Paso Robles is home to a multitude of wonderful wineries! On a recent visit, we left the rolling hills for trendy Tin City to explore Field Recordings Wine.
Tin City is home to restaurants, breweries, wineries, and more. Of course, we focused on food and wine; the core needs of all adults. We first enjoyed a delicious lunch at McFee’s Canteen, sitting in their lovely outdoor dining area among the stacked boulders gushing with water. As we munched, we checked out the Tin City map and made our plan for the afternoon of exploring. Since parking spots are quite dear in Tin City, we were hoping to be able to walk our way through the day’s planned winery tour. We walked a mere dozen feet from McFee’s to the entrance to Field Recordings Wine.
We climbed the stairway to their second floor tasting room and were greeted by wine guide Hugo. The tasting room was very trendy, with lots of metal and hard edges in every direction. Hugo seated us outdoors at an umbrella-covered table and set us up with bottled waters and tasting menus. We learned that Field Recordings boasted only 12 full-time employees, yet enjoyed volume distribution through Whole Foods nationally. Field Recordings is also one of the pioneers of producing wine in single serving cans. Additionally, they have ownership interests in beer and cider labels. Quite a lot of productivity out of a dozen people! They purchase the majority of their fruit, focusing on the production, packaging, and marketing of their products.
The Field Recordings Covid protocol included a unique method for pouring wine into our glasses: Hugo poured the wine into a beaker, and we poured the wine from the beaker into our glasses. This meant that there was no risk of contamination from our glasses back to the wine bottle. That also allowed us to adjust the size of a taste to each taster’s needs. Well done! We started with their 2019 Shell Creek Chenin Blanc. Hugo told us that this wine was aged in “cigar” barrels, which are four times longer than traditional wine barrels. This reduced oak contact may have contributed to the light and nuanced apricot and mango aromas and flavors of lemon and butter.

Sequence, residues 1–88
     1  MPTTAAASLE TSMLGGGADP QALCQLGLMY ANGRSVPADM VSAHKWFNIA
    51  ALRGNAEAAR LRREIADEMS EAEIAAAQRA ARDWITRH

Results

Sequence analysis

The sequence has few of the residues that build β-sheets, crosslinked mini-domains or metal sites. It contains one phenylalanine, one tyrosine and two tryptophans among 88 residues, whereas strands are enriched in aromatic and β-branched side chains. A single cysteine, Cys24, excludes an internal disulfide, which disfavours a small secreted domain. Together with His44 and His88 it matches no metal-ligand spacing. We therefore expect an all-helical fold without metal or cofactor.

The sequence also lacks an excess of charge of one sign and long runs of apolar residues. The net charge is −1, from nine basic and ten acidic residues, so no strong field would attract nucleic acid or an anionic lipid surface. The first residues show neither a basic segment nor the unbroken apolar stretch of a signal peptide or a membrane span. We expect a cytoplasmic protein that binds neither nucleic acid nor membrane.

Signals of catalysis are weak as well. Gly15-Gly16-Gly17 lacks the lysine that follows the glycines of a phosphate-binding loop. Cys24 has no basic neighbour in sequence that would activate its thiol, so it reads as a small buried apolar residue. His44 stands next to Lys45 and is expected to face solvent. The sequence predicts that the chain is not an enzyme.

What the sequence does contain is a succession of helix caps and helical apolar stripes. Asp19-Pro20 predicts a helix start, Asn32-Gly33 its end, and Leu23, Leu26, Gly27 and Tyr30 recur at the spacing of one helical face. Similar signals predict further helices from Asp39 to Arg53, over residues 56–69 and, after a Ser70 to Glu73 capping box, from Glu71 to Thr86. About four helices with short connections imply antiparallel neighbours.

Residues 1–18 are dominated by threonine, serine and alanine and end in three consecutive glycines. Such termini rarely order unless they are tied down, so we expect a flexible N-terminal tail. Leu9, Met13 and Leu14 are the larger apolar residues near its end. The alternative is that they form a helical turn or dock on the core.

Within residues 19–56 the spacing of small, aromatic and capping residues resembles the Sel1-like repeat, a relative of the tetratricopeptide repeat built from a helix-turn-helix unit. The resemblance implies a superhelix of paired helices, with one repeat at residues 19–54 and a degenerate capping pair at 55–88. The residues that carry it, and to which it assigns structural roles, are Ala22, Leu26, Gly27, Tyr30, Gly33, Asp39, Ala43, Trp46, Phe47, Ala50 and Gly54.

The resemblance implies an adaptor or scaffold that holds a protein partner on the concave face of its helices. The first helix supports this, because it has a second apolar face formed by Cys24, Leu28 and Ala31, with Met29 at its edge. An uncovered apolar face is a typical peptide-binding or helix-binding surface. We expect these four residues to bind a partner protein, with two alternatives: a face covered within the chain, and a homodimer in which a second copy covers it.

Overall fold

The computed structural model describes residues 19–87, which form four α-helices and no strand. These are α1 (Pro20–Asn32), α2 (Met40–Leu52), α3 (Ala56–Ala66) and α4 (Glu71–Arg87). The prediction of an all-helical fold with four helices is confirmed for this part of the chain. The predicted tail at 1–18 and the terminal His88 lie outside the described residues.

We next tasted their 2020 Domo Arigato, a Romato-style wine that has been used in Italy for generations. Leaving the Pinot Grigio juice on the skins for 45 days resulted in an orange wine that we found both enjoyable and confusing. With aromas of watermelon and lots of fruit on the palate, we thought that this would be a great picnic wine. Hugo then poured their 2019 Festa Touriga National, a sporty wine with tumultuous fruit layers and a tart, acidic finish. Our penultimate taste was their 2019 Alta Gaviota Nebbiolo. We appreciated the slate and leather nose and the coffee and cocoa flavors generated from what Hugo told us were only 5 year-old vines. Our tasting concluded with their 2020 Alta Gaviota Barbera. A fruity nose with cola and caramel flavors let us to a gentle finish with restrained tannins. A good wine to wrap up a tasting!
We had quite a plan for the afternoon, so we didn’t dawdle. We purchased our wine, thanked Hugo for his hospitality, and set off toward another new winery to discover!
About the Author: John grills a mean steak and is always in the market for another wine fridge. Believes that if a winery has more than 10 employees, it's probably too big. Buys wine faster than he drinks it, but who cares?